Of particular interest were diverse European Union-supported projects exploring the impact across the education and training sectors of increasing expectation from governments and industry that vocational education and training and higher education resolve issues related to unemployment, ageing populations, quality of life, participation in a democratic society, and economic growth and development (Briefing papers 3, 13, 18, 30 and 55).

Links and articulation between the sectors, and the broad impact of social, cultural, political and economic factors are examined for example, in Briefing paper 7, where the idea of a learning patrimony (p.24) was developed as a means of addressing the series of tensions from economic and political spheres. The impact of the knowledge society is also identified as a key impact both on issues related to access and equity (Briefing paper 8, p.27), and on lifelong learning (Briefing paper 20). Further, the changing nature of work and unpredictable and constantly changing job situations (Briefing paper 30, p.96), and the human capital required for a more complex and technological working life (Briefing paper 50, p.15) are explored in this context.

On the other hand, the European Union approach promotes a 'helicopter view' of issues and challenges for educational research, identifying and investigating broad common themes such as changing requirements for qualifications (Briefing paper 10, p.32), and transitions from school to further education, training and employment for young people (Briefing papers 3 and 16). This approach is similar in a sense to the national ANTA[3] Blue Skies project[4] that was aimed at advancing lifelong learning and making connections between learning policy and practice. The project was undertaken for the VET sector, and used focus groups with VET professionals and practitioners in every State and Territory to identify a range of strategies to improve connections between teachers, learners and policy in the broadest sense.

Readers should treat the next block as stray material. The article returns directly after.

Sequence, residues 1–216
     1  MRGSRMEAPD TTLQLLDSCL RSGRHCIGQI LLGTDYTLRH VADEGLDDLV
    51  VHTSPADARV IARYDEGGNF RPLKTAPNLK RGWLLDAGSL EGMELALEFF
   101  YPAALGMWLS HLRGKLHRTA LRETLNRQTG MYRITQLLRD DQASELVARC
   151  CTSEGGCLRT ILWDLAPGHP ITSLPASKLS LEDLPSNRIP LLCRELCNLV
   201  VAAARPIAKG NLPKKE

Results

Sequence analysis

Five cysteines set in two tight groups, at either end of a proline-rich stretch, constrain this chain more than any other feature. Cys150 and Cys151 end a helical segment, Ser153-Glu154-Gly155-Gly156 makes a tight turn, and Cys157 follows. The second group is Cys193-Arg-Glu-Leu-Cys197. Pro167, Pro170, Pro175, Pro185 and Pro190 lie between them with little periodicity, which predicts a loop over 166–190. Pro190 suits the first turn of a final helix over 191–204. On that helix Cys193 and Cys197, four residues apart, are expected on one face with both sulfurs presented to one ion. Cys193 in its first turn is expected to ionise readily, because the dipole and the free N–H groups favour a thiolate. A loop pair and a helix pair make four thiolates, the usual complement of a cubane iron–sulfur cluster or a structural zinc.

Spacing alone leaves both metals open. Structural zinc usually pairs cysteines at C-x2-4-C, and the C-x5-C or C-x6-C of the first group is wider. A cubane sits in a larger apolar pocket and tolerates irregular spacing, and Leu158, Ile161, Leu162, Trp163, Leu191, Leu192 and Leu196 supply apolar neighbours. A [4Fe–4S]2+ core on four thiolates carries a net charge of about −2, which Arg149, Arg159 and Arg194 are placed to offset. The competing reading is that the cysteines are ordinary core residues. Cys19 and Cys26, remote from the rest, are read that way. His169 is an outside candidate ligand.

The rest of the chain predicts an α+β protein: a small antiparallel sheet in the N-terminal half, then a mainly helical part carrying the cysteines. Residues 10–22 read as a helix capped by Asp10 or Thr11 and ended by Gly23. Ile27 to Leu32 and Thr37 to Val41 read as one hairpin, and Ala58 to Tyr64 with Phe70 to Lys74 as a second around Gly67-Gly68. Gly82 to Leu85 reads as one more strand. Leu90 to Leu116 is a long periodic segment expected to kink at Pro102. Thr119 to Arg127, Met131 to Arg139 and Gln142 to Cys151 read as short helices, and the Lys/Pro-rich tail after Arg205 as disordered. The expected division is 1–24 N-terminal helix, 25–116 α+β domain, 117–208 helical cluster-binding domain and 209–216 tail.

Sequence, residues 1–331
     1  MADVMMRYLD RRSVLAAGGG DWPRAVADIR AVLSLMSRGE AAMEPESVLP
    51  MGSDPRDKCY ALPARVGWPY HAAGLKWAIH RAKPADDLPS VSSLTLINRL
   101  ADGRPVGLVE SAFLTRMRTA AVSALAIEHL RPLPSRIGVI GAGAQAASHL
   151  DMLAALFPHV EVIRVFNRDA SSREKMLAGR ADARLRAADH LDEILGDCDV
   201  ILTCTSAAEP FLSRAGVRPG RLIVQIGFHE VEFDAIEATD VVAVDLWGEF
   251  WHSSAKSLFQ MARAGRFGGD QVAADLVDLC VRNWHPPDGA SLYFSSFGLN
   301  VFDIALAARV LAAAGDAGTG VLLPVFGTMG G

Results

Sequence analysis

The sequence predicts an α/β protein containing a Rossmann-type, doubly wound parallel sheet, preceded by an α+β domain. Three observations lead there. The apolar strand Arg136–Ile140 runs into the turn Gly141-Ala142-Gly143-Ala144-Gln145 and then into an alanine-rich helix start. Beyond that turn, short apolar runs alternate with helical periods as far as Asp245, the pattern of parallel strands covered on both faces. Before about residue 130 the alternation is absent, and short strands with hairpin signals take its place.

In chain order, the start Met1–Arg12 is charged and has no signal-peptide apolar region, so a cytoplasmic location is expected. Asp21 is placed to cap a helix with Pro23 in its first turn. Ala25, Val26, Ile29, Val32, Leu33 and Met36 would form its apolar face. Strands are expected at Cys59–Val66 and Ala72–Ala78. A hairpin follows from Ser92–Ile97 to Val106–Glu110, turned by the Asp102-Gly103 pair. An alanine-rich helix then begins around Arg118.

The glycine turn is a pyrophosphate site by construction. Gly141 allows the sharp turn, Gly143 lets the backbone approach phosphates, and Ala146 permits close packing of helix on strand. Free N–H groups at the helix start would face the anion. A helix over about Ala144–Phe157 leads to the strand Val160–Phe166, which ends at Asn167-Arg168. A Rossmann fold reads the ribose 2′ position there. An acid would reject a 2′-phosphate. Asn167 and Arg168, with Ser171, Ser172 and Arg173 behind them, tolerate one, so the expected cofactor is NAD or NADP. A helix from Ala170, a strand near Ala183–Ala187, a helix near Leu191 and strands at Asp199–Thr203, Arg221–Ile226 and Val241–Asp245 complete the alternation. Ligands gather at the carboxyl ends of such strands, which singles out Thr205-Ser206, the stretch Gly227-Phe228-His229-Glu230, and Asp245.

The concept of 'connective models of learning' (p.15) with links to the workplace as a cultural context for learning and assessment, and the briefing papers discussing students and workers as 'journeymen' (p.151) and 'boundary crossers' (p.15) who have to manage the different cultures and traditions, not only between education sectors, but also between institutions and the workplace, targeted significant policy issues for improving articulation and credit transfer arrangements for students in Australia. The report from the Forum of European Research in Vocational Education and Training (Briefing paper 24, p.79) explored these issues specifically in a vocational education and training context.